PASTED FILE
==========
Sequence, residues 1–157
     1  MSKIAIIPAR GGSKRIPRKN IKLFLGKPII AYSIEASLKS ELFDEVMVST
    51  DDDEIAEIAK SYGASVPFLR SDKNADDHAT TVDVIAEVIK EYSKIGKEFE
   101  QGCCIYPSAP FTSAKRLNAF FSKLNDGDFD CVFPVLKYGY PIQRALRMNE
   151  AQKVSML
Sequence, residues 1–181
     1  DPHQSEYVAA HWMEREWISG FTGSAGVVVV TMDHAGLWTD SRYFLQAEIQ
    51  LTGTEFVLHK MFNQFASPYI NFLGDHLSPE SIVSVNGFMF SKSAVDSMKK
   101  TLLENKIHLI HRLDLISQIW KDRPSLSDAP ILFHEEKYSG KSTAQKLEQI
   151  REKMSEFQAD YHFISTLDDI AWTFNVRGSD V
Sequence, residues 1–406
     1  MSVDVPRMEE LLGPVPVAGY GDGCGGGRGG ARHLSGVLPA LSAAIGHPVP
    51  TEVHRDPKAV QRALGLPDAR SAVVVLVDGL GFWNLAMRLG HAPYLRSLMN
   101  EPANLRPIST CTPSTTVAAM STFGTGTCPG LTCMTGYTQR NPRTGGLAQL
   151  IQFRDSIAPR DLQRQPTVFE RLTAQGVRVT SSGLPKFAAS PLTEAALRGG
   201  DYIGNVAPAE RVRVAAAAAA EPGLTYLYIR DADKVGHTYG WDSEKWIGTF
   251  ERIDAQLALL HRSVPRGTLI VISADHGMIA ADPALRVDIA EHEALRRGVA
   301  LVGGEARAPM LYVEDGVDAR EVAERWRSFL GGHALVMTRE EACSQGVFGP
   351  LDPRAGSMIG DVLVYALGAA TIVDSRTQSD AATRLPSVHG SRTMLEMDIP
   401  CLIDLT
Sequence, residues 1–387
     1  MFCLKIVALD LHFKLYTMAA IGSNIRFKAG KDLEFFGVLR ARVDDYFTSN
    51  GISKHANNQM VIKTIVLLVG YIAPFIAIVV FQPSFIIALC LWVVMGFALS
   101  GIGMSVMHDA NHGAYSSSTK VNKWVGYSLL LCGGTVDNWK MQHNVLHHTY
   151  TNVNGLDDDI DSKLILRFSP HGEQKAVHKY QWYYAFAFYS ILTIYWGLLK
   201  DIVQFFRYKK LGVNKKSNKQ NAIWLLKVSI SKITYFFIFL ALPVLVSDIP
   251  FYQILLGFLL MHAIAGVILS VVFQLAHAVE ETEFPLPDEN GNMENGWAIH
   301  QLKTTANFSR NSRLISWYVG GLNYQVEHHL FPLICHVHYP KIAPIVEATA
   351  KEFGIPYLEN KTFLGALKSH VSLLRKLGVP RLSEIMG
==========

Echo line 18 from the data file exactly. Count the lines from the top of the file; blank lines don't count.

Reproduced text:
   301  LVGGEARAPM LYVEDGVDAR EVAERWRSFL GGHALVMTRE EACSQGVFGP